I bring him up to the berm and noticed more bite marks and holes in his wet suit. Unzip to examine: Bites to the right and left shoulders, Punctures to his back, ribs and lats. Holes and bites to his left hip. Holes and punctures on both arms. Probably 30 or more contusions. He was so LUCKY that bull sea lion didn't rip an artery or tear the groin or blind him with those brutal face and cranial attacks.

Tito 231 on scene with immediate purge and gauze pressure wrap applied. R200 call car rolls up for vitals and transport. Capt Horne on scene to secure and conclude.

This attack took place 100 ft. past the surf line in just a few minutes, to a man who swims regularly with and without his wife. This guy saved himself, and has my admiration. I saw no struggle, no sea lion, or any sign of injury, until he emerged.

34 summers of watching the water........Take nothing for granted in the ocean.

ALOHA........... DC


(Photo above shows LACo veteran recurrent lifeguard and doryman, Dave Clarke with his niece, celebrating his Central Section Taplin team's victory, Summer 2009. Photo by Will Maguire.)

Many thanks to Dave for sharing his experience about this unfortunate event.
A great example neverthless of the swift treatment of this citizen by LACo lifeguard personnel. 10-4.

Additional media coverage:,0,2140059.story

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Until next time.....

"County Recurrent" News

Swim Coach Job Opening in Malibu!

Just in from LACo Recurrent (Ret.), Nathalie Brouwer:

Westside Aquatics Malibu, CA is looking for an experienced Head Coach. Westside Aqautics is a competitive, year round swim club that trains at Malibu High School. The ideal candidate will possess: a minimum of 2 years of coaching experience (USA Swimming, high school, or college): a clear understanding of the importance of stroke development and correct technique; the ability to manage the day to day tasks of a swim team: the ability to work with a variety of ages and levels of swimmers; experience managing assistant coaches; Level 3 ASCA certifications or equivalent experience; ability to coach swimmers to or beyond the Jr. National Level. Compensation will be commensurate with experience.

Westside Aquatics is a coach owned club. More info can be found at

Interested candidates should email a cover letter, resume and at least 3 personal references relating directly to previous swim coach experience. Emails should be sent to:

If you have any questions, please call 310-985-5308


Saturday, August 20, 2011

"ABC Wide World of Sports", by Roger Smith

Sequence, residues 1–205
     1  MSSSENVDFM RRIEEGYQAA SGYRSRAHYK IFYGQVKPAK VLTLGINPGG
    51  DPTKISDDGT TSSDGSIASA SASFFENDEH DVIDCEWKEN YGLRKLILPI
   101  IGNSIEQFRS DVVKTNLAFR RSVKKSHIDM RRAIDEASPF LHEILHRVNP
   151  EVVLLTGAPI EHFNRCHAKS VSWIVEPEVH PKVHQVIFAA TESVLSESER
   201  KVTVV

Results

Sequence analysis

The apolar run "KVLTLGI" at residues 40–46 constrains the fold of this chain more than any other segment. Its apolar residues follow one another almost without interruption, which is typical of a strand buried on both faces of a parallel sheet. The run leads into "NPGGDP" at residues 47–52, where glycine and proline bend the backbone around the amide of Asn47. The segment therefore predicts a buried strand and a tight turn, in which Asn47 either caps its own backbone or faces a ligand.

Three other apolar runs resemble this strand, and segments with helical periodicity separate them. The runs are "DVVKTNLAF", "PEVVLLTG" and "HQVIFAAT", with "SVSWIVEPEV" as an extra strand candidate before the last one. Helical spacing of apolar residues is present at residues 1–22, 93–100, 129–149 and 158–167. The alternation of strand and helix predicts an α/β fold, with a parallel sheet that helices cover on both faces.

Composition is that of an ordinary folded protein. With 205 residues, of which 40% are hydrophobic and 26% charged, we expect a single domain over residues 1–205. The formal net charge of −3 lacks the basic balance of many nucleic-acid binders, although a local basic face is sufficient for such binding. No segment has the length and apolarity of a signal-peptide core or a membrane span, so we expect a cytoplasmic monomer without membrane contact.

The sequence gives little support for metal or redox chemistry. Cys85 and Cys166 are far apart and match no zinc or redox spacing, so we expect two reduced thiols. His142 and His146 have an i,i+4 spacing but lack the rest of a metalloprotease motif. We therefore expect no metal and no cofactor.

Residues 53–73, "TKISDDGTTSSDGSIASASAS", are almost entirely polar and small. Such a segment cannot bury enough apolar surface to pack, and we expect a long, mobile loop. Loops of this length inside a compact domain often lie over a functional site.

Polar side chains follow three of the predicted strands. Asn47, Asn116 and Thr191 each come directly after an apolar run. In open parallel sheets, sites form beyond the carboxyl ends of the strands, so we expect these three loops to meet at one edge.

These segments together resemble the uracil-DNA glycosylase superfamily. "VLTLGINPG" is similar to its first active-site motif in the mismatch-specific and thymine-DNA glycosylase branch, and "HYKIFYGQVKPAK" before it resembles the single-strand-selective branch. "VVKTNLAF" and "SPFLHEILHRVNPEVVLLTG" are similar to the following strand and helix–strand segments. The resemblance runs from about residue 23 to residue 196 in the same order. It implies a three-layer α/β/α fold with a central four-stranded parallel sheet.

Just in from LACo Lifeguard Captain (Ret.), Roger Smith, another gem of a story that is both gripping and action filled... for your reading enjoyment.


ABC Wide World of Sports
The thrill of victory and the agony of defeat

It was 1970 at Huntington Beach, California. Wide World of Sports was presenting the National Surf Dory Race Boat Competition. In the competition are there were twenty teams, all ocean lifeguards from along the coast, some traveling over a hundred miles to be in this competition.

There he was, Jim McKay, on a stage with television cameras on the beach, talking about the history on the surf boats and how the lifeguards used them to make rescues off shore before the motorized power boats replaced them. Now the lifeguards mainly use them for competition against each other.

There I was, along the shore, holding my dory in the lane after the draw was made. The surf was very large at times and cracked with great authority as the inshore current swept towards the very long fishing pier. The race was two laps around the pier; all of us knew it could get physically dangerous for us and we might lose our boats if we should slam against the pylons underneath.

I looked on down the line of boats; most of them were ones I had raced against all year. They were all members of the National Dory Boat Association. But the season was over now, it was September and this was the last race of the summer. I see my old partner Randy from the '69 season; he was only a few boats down the line from me. We were undefeated in that season and broke up to row the present season, we just could not agree on things and got new partners this year. Unfortunately he beat me in most of the races this year. I got third place over all. I think my new partner just did not have the killing aspect for competition, so I got another dory man I knew named Mike Buscher for this very special race. Maybe I will be able to show him who the best dory man is after all.